This is a reflection of the structure of the "miniseries": the first episode is based on 'Dune Messiah,' the second novel in Herbert's cycle, while the other two are basically the third novel, the actual 'Children of Dune.' While this is a logical division, the transition is so abrupt that it can feel like watching two separate shows. The first episode is therefore both a coda to 'Dune' and a prologue to 'Children of Dune' proper, which leaps ahead several years and introduces completely new protagonists. The effect is very disorienting. We have invested in one person and time, and must now invest in others.
The transition is eased by a star-making performance from the young James McAvoy as Leto II. In his first major leading role, he seems as self confident as his character, a prescient Prince who knows he is born to rule. The only false note is that he seems to take off his shirt far too frequently for someone raised in a desert. Just think of the sunburn.
Elsewhere, there is some continuity with Frank Herbert's Dune in the casting. Alec Newman returns as Paul and seems to have grown in the role. Czech actress Barbora Kodetova is poignant as his concubine Chani without losing the strength she showed in the previous series that convinced the viewer she was also a tough desert-born woman. P H Moriarty is back as everyone's favourite interstellar Cockney hard man, Gurney Halleck.
The most welcome return is Ian McNeice. The fact that his Baron Harkonnen was killed at the end of Dune was no obstacle. Readers of the books will be aware that dead characters frequently come back in various forms. The character of Duncan Idaho, Paul's childhood friend, also rises from the metaphorical grave in Frank Herbert's Children of Dune - or, more accurately, is remade as a sort of clone from genetic material lifted from his corpse - but is played by a different actor, Edward Atterton.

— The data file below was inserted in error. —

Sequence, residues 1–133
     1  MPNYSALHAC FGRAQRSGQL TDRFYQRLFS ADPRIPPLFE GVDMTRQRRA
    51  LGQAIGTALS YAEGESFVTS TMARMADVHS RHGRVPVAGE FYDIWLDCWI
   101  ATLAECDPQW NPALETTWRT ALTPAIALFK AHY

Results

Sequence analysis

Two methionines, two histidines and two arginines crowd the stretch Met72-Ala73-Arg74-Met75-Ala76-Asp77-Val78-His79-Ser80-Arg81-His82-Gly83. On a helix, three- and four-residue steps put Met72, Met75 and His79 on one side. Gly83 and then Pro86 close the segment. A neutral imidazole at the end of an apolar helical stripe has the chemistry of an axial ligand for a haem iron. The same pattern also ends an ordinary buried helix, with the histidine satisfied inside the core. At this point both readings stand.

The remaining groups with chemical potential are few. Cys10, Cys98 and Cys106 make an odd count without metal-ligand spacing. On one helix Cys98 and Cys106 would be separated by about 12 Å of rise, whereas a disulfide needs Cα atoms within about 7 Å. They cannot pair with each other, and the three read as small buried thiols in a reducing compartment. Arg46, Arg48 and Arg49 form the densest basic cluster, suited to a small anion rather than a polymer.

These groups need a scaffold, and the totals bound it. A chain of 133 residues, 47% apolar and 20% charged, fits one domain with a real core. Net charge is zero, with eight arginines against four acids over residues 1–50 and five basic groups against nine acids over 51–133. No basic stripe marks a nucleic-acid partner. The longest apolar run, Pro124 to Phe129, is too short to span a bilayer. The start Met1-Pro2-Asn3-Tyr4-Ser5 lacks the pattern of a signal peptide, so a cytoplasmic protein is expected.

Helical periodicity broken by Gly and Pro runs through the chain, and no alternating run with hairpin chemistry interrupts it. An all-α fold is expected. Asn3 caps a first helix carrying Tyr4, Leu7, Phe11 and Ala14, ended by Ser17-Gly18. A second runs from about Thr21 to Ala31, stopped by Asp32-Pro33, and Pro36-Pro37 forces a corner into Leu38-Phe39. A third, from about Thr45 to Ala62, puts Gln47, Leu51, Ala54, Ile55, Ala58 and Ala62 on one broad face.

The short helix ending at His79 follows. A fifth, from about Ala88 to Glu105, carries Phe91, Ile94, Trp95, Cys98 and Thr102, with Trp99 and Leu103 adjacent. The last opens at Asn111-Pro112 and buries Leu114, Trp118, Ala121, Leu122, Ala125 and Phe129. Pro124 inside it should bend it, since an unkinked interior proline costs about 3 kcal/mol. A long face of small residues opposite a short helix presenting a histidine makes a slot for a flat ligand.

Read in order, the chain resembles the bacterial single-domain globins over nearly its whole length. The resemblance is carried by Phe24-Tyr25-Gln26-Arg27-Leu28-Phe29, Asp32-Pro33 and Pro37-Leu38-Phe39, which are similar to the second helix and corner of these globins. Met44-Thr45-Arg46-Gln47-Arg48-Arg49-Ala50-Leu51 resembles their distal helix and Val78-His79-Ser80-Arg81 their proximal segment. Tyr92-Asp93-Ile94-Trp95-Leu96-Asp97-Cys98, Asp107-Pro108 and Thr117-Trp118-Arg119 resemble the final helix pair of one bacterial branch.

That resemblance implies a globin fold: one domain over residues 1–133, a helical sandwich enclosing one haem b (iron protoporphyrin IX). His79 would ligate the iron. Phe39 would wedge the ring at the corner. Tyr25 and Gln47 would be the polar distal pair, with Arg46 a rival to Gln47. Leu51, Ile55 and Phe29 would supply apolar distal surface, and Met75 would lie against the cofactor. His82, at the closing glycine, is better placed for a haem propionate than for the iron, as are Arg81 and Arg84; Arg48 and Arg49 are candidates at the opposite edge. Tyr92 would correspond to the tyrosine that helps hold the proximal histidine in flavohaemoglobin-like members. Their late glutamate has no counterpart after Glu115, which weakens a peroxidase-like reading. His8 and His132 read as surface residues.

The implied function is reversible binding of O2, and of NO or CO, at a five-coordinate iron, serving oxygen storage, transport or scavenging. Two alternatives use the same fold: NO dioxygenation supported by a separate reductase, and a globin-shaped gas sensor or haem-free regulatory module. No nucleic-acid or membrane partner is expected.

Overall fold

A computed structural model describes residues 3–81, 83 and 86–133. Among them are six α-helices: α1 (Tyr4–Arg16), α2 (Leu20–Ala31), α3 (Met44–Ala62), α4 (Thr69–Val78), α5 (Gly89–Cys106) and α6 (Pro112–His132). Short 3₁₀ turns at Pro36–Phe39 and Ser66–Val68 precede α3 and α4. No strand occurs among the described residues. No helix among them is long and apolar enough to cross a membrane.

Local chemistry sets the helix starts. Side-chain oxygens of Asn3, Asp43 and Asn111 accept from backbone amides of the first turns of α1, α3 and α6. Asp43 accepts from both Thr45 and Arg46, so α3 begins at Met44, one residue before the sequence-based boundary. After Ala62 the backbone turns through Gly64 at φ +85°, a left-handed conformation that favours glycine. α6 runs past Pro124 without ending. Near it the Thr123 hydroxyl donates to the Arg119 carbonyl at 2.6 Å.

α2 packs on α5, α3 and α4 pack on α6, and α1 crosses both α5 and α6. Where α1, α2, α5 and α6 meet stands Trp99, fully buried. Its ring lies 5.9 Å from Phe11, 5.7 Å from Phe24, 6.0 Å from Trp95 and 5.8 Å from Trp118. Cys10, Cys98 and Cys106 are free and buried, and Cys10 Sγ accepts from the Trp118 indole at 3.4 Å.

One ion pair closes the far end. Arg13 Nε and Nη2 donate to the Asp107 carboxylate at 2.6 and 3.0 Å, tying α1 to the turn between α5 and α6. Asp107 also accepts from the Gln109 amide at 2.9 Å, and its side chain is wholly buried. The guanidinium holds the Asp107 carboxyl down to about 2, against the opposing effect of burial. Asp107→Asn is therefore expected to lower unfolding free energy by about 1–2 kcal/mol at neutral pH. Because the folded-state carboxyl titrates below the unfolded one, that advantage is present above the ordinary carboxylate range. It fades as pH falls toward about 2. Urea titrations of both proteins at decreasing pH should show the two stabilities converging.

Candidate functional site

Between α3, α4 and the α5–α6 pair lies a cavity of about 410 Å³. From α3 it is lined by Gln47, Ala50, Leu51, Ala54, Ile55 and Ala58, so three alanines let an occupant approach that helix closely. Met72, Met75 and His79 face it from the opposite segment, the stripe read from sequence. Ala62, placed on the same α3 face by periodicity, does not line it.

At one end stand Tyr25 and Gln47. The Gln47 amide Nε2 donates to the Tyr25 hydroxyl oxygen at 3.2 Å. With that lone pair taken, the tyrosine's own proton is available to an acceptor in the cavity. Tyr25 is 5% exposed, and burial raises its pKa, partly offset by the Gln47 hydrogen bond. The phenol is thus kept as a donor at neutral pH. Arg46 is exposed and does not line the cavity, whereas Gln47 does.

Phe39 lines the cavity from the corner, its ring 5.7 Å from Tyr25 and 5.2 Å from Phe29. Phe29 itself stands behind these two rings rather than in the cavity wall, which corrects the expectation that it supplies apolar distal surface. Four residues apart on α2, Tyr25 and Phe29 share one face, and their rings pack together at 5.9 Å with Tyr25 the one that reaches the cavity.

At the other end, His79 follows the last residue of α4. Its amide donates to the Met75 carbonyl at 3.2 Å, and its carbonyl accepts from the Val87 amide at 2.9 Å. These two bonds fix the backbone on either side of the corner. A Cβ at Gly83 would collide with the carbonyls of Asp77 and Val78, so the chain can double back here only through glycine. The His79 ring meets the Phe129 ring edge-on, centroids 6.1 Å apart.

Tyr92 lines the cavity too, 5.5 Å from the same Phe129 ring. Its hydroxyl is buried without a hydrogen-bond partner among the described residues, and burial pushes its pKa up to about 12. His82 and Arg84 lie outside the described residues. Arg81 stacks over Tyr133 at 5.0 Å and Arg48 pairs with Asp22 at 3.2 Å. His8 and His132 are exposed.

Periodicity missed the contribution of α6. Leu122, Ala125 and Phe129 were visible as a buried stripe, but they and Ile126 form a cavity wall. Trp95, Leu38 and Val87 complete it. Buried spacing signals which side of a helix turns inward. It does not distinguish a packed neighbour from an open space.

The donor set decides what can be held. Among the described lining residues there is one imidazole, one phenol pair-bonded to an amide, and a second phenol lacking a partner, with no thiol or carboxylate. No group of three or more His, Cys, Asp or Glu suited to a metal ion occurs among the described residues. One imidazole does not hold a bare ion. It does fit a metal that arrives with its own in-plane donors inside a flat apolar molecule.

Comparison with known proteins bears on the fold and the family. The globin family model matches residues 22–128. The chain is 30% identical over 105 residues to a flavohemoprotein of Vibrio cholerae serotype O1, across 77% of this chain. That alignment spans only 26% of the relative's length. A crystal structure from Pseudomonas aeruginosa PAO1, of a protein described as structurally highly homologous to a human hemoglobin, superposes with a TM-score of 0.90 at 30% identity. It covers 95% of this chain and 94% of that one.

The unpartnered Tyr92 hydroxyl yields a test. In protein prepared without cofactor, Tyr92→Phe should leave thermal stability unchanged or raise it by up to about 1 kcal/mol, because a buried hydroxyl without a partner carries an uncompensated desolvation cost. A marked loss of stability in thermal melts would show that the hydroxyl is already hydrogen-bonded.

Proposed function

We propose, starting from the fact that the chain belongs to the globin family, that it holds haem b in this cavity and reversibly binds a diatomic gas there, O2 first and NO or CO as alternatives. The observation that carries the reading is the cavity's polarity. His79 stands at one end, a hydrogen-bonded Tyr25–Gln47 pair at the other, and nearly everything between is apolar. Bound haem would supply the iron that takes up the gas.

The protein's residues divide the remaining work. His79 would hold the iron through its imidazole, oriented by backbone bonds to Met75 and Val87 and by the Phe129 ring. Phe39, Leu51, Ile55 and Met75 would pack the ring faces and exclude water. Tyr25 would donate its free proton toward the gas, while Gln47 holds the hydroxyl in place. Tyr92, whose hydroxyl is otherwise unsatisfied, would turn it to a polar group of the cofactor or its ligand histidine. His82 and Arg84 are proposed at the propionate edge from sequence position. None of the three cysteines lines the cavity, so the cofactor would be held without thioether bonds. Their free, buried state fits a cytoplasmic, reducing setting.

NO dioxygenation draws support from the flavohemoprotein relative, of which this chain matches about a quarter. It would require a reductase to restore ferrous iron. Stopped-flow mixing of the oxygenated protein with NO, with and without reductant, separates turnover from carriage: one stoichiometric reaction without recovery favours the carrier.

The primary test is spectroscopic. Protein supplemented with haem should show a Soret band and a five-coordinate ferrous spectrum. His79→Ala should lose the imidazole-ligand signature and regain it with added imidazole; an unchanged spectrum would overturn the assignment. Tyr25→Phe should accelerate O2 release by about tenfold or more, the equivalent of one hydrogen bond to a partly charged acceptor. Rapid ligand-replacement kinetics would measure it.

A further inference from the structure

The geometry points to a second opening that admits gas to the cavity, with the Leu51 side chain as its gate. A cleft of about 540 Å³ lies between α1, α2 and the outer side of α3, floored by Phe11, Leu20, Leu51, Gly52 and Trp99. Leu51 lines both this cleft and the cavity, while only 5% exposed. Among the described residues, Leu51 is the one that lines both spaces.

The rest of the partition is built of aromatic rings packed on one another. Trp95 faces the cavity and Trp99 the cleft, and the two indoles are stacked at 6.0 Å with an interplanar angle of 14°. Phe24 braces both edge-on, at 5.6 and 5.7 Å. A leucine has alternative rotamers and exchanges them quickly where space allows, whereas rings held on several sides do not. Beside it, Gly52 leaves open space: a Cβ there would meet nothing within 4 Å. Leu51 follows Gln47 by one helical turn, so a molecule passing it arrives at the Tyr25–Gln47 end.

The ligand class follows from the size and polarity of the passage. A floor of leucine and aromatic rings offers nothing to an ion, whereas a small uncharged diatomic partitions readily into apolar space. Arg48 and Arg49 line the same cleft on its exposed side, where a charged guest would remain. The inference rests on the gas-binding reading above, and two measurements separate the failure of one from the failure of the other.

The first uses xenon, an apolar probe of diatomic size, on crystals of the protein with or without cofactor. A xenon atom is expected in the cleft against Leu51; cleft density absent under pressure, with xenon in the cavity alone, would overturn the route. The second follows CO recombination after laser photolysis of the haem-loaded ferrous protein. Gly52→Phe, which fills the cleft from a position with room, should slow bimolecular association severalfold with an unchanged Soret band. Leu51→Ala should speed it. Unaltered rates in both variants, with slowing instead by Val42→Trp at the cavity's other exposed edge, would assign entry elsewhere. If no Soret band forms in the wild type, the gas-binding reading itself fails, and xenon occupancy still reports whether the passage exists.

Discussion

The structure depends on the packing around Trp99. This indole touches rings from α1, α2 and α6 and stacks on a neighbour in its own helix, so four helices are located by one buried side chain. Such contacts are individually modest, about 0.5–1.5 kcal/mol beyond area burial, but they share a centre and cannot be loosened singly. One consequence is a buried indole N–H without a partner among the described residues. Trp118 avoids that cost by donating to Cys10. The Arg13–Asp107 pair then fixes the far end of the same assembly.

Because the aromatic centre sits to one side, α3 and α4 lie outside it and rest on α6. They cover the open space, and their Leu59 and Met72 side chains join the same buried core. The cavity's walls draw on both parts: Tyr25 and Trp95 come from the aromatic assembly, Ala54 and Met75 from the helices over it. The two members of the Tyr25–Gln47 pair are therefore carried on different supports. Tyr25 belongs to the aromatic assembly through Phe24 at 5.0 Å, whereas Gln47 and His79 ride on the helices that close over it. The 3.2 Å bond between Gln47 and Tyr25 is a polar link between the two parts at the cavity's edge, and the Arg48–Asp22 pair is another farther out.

McNeice, of course, is irreplaceable. Again, he brings a much needed sense of fun to the sombre proceedings. This time he is allowed an almost seductive charm, and, although we know he is up to no good, we can also understand why a vulnerable character wants the comfort he offers.
At the same time, the opportunity was taken to upgrade the cast a little. Saskia Reeves was apparently unavailable for family reasons, so Alice Krige took over the role of Lady Jessica. Krige knows how to do attractive older woman, and at one point the viewer might think she is seducing her own grand-daughter's future fiancé. Lady Jessica is, after all, a member of a sort of religious order who happen to be good at sex and violence - sort of anti-nuns. Happily, things stay on the right side of respectability, but one is left with the impression that she could if she wanted.
Things are also kept relatively decent in respect of Leto's unusually close relationship with his twin sister - it is even weirder in the book. Jessica Brooks does well in the role, even if it is, by Dune standards, rather underwritten. Herbert's strong women are, however, still present in strength. Susan Sarandon is on fine form as an arrogant Princess of the deposed Imperial House who wants her Family's Empire back but learns too late that a sense of entitlement is no substitute for intelligence. Daniela Amavia does well to evoke sympathy for Paul's sister, the Regent Alia: although she makes bad decisions, she is not in herself a bad person - she is rather a tragic figure, and, like all tragic figures, driven by forces beyond her control.